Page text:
Insights

FPGA – A Strategic Asset

Field Programmable Gate Arrays (FPGAs) are an indispensable building block in many of today’s complex systems. They are found in aerospace applications, medical devices, data centers, and IoT devices. There are even FPGAs on the surface of Mars in the rovers Spirit and Opportunity.

A question that frequently arises is: when is it best to implement a feature in an FPGA, and when is it better to perform the function in software or hardware? This question can be difficult to answer because FPGAs are capable, in theory, of performing any digital function provided there’s enough space on the FPGA. But an FPGA may or may not be the most cost-effective and schedule-smart way to implement your design. When we approach a project, we evaluate the options for that specific application to make the best choice for that project.

As a general guide, some good applications for FPGAs are:

  • Hardware Acceleration: An FPGA can work alongside a processor to offload complex math functions, control loops, or other cycle-intensive inner-loop activities.
  • Highly Parallel Computing: FPGAs’ on-board hardware resources such as multipliers and distributed memory make them very fast at computing mathematical functions that benefit from deep pipelines and a high degree of parallelism. This capability is widely appreciated in signal processing, image processing, and even high-frequency trading.
  • Data Aggregation: an FPGA’s parallelism makes it a good choice for aggregating data to and from many peripherals or for moving blocks of data. An FPGA can continuously read low-speed data from dozens or even hundreds of sensors to pass along to a CPU, or it can work at higher speeds as a custom network switch or as a DMA engine to move blocks of data. Newer FPGAs directly support high speed interfaces such as PCIe, DDR3, and 10GBPS Ethernet, which eases system compatibility in such applications.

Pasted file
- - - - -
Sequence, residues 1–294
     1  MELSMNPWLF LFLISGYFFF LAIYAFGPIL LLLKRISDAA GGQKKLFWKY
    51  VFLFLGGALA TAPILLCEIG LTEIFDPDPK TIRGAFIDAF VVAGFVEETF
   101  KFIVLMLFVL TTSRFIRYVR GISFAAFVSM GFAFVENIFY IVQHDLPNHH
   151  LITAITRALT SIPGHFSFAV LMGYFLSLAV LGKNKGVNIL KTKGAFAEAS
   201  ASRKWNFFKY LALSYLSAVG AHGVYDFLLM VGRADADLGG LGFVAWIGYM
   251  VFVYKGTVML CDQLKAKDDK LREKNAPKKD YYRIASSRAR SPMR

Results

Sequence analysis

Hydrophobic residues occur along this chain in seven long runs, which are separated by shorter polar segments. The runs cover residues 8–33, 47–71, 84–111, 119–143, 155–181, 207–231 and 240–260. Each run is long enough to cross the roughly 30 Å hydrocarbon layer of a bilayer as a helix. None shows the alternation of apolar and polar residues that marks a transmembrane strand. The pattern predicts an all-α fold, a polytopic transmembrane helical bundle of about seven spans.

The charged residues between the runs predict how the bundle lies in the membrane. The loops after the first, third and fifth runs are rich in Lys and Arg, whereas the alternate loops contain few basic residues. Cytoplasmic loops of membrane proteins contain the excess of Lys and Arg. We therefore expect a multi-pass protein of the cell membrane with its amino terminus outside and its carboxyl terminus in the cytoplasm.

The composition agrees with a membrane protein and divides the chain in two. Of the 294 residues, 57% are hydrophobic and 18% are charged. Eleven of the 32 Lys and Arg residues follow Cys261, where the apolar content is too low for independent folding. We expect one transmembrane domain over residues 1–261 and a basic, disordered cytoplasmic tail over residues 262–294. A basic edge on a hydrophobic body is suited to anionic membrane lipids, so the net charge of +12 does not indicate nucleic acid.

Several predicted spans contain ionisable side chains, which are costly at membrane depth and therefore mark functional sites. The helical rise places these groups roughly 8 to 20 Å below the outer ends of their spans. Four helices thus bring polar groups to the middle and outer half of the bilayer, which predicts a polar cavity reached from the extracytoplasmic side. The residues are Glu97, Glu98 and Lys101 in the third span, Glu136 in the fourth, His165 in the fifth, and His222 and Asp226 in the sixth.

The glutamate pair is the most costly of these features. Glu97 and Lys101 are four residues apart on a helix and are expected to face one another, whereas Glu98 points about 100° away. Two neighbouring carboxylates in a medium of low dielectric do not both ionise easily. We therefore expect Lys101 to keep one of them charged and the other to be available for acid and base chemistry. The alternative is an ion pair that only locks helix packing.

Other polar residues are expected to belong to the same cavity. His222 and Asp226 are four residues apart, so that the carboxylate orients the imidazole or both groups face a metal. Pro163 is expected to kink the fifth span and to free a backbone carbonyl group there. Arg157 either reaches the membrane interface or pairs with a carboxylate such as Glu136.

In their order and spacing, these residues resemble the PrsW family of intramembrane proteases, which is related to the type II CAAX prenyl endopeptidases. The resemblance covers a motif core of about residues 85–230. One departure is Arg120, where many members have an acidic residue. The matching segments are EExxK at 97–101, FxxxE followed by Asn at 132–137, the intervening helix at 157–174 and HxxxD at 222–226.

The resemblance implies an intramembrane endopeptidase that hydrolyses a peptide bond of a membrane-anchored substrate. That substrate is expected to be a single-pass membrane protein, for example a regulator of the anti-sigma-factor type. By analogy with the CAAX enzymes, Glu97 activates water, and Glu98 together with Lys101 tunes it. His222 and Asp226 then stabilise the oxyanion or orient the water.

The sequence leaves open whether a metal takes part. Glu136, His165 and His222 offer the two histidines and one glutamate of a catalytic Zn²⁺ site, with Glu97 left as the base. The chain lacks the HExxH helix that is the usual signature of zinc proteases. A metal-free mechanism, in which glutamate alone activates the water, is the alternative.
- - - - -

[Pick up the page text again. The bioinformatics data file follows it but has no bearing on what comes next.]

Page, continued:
• Glue Logic: One of the oldest uses for FPGAs is in implementing small (or not so small) amounts of logic to interface between off-the-shelf chips. This may save the need to make a custom ASIC, and reconfigurability allows the logic to be changed even after hardware is manufactured to handle unexpected behaviors of the off-the-shelf chips, to fix bugs, or to add features.
  • ASIC emulation: FPGAs are commonly used to emulate custom ASICs to prove the design before committing the time and NRE to fabricate silicon.
  • Up and Coming Uses: FPGAs are finding places in some of the newest applications: FPGA hardware can implement full or partial neural nets for AI and Deep Learning applications. FPGAs are also finding their way into autonomous driving for signal processing, for control functions, and for image recognition. Amazon AWS and Microsoft are both installing FPGAs into their cloud servers.

At Pensar, our FPGA engineering team is tightly coupled with the software and hardware engineering and we work together to allocate each system function to software, hardware, or FPGA as is best for the product and schedule rather than as an afterthought.  Our experience with a wide variety of products has taught us that this multidisciplinary approach makes for the best products and the smoothest development cycles.